mental health & the church

*The information contained on this website is drawn from a variety of sources about mental illness; however it is not a comprehensive study and the information is not intended to be used as a diagnostic tool.  Through this website you are able to link to other websites - each website is independently operated and is responsible for the information contained on their site.  We cannot endorse everything contained on the individual sites, but we hope the information will be useful.

The commitment of Saddleback Church to people living with mental illness greatly increased on April 5, 2013 when Pastor Rick and Kay’s youngest son, Matthew, took his life after a lifelong struggle with mental illness. In the midst of the devastating loss of Matthew, Pastor Rick and Kay along with the Saddleback community, have united together to journey alongside people living with mental illness and their families in a holistic way.

The Hope for Mental Health Ministry extends the radical friendship of Jesus by providing transforming love, support, and hope through the local church. The heart of this ministry comes from three passages of Scripture: “I have called you friends, for everything that I learned from my Father I have made known to you” (John 15:15), “Serve one another in love” (Galatians 5:13b), and “May the God of hope fill you with all joy and peace as you trust in Him, so that you may overflow with hope by the power of the Holy Spirit” (Romans 15:13).

Five life-transforming Scriptural truths that shape our approach to the Mental Health Ministry are illustrated in The Hope Circle. Each truth combats a negative message that holds people back from moving toward hope.


What Can the Church Do?

Is there a role for the church in walking alongside people living with mental illness? The answer is a resounding YES! Studies show when people are struggling with mental illness the first place they call is the church. There is hope for mental illness.

Most people understand that mental illness is just that - an illness - and as such, often requires medication and treatment by mental health professionals for management and improved health. But the flip side of that realization can lead us to believe that there is nothing significant the faith community can offer to a  person living with mental illness. This is a misperception! In reality, the church is tasked with caring for the whole person - body, mind, and soul - and that means we must recognize and care for a person with an illness. The church can speak into the soul and personhood of the individual in ways that medical professionals cannot.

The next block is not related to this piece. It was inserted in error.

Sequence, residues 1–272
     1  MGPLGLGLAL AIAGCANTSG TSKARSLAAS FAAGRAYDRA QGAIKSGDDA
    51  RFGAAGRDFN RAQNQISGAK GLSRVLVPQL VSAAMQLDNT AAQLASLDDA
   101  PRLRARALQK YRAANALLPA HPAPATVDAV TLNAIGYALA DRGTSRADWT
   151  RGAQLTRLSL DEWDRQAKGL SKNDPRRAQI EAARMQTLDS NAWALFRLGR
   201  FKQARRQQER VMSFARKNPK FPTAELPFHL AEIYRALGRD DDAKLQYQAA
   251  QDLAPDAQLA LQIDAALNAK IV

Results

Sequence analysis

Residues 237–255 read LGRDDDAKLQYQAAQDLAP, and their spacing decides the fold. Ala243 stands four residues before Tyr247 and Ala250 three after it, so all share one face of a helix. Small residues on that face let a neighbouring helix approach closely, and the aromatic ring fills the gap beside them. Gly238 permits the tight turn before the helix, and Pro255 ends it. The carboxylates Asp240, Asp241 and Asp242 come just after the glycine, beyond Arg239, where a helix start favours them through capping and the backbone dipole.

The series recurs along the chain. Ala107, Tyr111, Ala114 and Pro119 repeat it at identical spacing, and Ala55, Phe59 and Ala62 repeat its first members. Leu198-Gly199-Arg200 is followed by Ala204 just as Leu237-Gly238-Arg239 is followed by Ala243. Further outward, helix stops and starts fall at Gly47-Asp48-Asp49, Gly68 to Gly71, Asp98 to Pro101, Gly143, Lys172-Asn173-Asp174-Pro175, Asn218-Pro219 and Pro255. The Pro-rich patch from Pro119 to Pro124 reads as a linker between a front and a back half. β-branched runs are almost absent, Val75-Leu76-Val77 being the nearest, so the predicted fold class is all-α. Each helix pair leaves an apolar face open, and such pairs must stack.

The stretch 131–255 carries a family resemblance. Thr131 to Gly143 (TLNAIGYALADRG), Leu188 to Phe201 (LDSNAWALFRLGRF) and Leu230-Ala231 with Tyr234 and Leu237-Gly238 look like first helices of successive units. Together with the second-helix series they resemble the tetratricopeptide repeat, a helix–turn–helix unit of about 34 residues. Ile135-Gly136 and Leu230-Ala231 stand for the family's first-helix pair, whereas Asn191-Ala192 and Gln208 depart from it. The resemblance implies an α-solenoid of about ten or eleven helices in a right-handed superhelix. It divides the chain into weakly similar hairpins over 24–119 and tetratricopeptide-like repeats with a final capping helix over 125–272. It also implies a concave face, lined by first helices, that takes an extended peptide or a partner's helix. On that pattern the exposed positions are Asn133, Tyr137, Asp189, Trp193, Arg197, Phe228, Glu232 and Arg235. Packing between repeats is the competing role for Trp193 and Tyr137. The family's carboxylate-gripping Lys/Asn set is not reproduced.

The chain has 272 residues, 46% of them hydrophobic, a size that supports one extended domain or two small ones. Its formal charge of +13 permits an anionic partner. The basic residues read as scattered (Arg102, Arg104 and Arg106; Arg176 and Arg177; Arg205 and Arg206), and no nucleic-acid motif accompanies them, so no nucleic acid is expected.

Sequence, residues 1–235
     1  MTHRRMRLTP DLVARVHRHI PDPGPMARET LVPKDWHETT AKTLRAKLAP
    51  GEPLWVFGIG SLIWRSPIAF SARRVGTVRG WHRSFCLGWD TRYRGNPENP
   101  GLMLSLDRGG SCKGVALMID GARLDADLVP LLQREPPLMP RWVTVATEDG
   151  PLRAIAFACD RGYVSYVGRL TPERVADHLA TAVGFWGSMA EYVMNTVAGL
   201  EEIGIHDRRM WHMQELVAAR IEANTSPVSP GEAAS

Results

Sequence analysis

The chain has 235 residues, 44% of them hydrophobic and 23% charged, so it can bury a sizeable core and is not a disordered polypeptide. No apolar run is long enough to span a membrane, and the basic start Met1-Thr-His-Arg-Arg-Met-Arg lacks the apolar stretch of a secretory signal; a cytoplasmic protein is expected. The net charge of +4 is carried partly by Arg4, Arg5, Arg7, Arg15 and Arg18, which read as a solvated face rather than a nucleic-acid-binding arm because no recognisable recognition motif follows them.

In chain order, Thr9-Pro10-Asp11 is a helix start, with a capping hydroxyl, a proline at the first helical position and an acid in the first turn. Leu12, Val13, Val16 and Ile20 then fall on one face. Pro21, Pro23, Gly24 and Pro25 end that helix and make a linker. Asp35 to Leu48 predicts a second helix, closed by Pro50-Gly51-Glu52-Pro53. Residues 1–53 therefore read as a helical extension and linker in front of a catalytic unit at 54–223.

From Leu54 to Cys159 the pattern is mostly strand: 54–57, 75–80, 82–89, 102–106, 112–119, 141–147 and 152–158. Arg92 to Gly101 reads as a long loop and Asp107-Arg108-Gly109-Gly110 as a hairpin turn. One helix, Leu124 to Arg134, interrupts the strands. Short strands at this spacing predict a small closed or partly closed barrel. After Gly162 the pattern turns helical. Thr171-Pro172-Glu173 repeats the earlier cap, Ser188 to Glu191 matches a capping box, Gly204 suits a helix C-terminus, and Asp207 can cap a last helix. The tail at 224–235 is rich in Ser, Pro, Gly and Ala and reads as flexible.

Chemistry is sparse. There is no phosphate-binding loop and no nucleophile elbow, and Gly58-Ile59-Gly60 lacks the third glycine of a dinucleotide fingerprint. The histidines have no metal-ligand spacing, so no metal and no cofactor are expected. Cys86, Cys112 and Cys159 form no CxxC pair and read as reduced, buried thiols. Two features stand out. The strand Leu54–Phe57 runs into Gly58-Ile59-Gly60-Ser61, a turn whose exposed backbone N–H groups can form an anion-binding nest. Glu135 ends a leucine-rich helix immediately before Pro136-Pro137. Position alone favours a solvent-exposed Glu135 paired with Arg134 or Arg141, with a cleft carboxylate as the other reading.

Your greatest ministry will come out of your greatest pain.

 Pastor Rick Warren

A Church-Initiated Mental Health Strategy

Saddleback Church has created a Church-Initiated Mental Health Strategy that can be built over time, adapted, and implemented into all areas of ministry in any church. Start small and gradually expand. It is helpful to look at building a mental health ministry through the stages or crawl, walk, and run.

Crawl

Crawl steps do not require money, training, resources, or paid staff. They are beginner steps for easing into creating your mental health ministry. All churches can implement crawl steps.

  • Refer to mental illness within sermons
  • Within weekend services pray for people who are living with mental illness and their families
  • Invite people who are living with mental illness to share their testimony in a church service
  • Equip people for ministry by reading The Purpose Driven Life
  • Study God's plan for every member to be involved in caring for the sick on a tangible way
  • Give your congregation a survey that asks them questions related to mental health
  • Provide a referral list of mental health resources available in your community (NAMI, 2-1-1, 1-800-273-TALK)